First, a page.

The story's very ambiguity steadily feeds its mysteriousness and power, and Danielewski's mastery of postmodernist and cinema-derived rhetoric up the ante continuously, and stunningly.  One of the most impressive excursions into the supernatural in many a year.

Pub Date: March 6, 2000

ISBN: 0-375-70376-4

Page Count: 704

Publisher: Pantheon

Review Posted Online: May 19, 2010

Kirkus Reviews Issue: Feb. 1, 2000

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  • National Book Critics Circle Winner

2666

Unquestionably the finest novel of the present century—and we may be saying the same thing 92 years from now.

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Life and art, death and transfiguration reverberate with protean intensity in the late (1953–2003) Chilean author’s final work: a mystery and quest novel of unparalleled richness.

Published posthumously in a single volume, despite its author’s instruction that it appear as five distinct novels, it’s a symphonic envisioning of moral and societal collapse, which begins with a mordantly amusing account (“The Part About the Critics”) of the efforts of four literary scholars to discover the obscured personal history and unknown present whereabouts of German novelist Benno von Archimboldi, an itinerant recluse rumored to be a likely Nobel laureate. Their searches lead them to northern Mexico, in a desert area notorious for the unsolved murders of hundreds of Mexican women presumably seeking freedom by crossing the U.S. border. In the novel’s second book, a Spanish academic (Amalfitano) now living in Mexico fears a similar fate threatens his beautiful daughter Rosa. It’s followed by the story of a black American journalist whom Rosa encounters, in a subplot only imperfectly related to the main narrative. Then, in “The Part About the Crimes,” the stories of the murdered women and various people in their lives (which echo much of the content of Bolaño’s other late mega-novel The Savage Detectives) lead to a police investigation that gradually focuses on the fugitive Archimboldi. Finally, “The Part About Archimboldi” introduces the figure of Hans Reiter, an artistically inclined young German growing up in Hitler’s shadow, living what amounts to an allegorical representation of German culture in extremis, and experiencing transformations that will send him halfway around the world; bring him literary success, consuming love and intolerable loss; and culminate in a destiny best understood by Reiter’s weary, similarly bereaved and burdened sister Lotte: “He’s stopped existing.” Bolaño’s gripping, increasingly astonishing fiction echoes the world-encompassing masterpieces of Stendhal, Mann, Grass, Pynchon and García Márquez, in a consummate display of literary virtuosity powered by an emotional thrust that can rip your heart out.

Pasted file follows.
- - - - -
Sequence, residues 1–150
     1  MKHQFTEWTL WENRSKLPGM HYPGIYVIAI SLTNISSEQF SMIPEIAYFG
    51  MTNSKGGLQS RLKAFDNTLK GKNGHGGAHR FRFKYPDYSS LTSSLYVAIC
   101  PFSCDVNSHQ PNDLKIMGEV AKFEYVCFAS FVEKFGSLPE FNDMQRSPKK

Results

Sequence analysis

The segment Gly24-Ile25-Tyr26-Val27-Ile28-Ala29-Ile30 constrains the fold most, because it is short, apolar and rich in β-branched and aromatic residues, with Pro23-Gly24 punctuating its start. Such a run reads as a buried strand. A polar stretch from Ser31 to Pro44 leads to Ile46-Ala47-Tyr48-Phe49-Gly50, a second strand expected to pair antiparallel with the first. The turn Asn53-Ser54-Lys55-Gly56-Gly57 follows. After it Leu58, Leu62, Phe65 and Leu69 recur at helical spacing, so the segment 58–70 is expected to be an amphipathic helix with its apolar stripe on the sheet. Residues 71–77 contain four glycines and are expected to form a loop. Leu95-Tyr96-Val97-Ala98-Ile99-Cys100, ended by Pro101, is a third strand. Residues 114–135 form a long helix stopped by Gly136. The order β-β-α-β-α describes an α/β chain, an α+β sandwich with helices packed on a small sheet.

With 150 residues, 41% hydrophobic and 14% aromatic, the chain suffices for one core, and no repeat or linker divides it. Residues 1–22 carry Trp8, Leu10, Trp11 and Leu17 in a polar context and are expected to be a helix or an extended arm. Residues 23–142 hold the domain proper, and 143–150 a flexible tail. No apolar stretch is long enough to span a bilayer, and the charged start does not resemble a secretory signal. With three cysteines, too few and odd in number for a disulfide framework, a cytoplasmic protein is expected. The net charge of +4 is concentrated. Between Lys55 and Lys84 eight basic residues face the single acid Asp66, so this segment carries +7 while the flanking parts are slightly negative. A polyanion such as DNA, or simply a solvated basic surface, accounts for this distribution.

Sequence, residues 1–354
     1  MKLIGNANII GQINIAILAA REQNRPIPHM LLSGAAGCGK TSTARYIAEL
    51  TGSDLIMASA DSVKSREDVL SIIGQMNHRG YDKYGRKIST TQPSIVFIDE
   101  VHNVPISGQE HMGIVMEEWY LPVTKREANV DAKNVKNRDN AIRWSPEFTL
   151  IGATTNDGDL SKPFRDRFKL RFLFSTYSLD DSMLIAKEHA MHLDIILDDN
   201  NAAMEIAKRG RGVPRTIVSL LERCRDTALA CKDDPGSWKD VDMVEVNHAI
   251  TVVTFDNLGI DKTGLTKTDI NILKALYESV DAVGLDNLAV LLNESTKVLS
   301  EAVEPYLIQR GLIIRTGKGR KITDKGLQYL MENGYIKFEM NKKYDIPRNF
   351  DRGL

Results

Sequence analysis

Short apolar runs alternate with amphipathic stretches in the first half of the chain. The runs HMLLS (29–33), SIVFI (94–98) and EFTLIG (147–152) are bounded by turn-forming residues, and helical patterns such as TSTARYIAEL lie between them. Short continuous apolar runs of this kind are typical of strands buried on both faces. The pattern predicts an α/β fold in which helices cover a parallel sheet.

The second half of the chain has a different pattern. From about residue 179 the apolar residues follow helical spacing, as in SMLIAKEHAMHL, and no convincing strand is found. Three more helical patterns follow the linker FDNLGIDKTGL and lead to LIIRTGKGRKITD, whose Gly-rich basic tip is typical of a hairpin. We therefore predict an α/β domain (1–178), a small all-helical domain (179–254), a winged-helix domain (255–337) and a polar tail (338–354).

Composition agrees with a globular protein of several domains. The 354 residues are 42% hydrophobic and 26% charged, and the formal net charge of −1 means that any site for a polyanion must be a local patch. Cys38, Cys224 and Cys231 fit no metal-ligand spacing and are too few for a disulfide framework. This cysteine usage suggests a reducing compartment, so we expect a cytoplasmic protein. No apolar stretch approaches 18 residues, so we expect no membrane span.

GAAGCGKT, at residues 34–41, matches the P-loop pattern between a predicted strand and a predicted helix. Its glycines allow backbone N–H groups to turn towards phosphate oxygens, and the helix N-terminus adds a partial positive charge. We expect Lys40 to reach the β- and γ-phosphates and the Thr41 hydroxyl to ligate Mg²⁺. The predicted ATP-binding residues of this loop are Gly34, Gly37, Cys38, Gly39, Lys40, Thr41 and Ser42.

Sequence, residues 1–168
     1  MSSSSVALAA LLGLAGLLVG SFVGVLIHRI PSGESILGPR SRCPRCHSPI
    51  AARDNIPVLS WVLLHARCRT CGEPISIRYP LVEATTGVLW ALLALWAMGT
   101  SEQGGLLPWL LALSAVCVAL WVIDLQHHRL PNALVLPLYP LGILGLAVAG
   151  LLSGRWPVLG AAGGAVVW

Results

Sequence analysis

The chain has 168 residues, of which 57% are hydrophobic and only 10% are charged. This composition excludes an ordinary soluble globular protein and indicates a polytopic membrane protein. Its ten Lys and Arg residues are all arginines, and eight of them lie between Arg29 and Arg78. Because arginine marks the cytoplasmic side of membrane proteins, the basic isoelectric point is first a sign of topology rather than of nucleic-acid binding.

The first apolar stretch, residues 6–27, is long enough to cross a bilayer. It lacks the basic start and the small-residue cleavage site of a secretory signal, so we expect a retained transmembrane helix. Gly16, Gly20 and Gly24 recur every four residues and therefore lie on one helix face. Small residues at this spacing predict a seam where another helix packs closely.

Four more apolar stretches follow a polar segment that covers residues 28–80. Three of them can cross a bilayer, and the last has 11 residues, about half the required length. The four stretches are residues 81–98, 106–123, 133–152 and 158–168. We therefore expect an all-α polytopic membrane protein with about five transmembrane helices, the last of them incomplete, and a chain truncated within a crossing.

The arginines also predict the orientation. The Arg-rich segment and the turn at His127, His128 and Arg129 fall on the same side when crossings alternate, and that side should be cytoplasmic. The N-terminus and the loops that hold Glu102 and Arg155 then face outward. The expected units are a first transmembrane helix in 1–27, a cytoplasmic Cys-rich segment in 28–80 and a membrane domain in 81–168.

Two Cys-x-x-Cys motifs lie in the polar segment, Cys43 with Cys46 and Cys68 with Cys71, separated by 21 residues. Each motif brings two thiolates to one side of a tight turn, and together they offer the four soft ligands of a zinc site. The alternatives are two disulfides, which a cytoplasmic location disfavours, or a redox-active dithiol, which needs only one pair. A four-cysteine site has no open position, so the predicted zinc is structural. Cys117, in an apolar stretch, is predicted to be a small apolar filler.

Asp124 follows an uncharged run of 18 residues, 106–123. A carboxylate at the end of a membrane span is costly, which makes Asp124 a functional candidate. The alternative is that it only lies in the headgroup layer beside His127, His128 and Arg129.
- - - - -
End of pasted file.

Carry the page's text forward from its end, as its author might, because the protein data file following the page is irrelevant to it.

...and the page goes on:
Unquestionably the finest novel of the present century—and we may be saying the same thing 92 years from now.

Pub Date: Nov. 1, 2008

ISBN: 978-0-374-10014-8

Page Count: 912

Publisher: Farrar, Straus and Giroux

Review Posted Online: May 19, 2010

Kirkus Reviews Issue: Sept. 15, 2008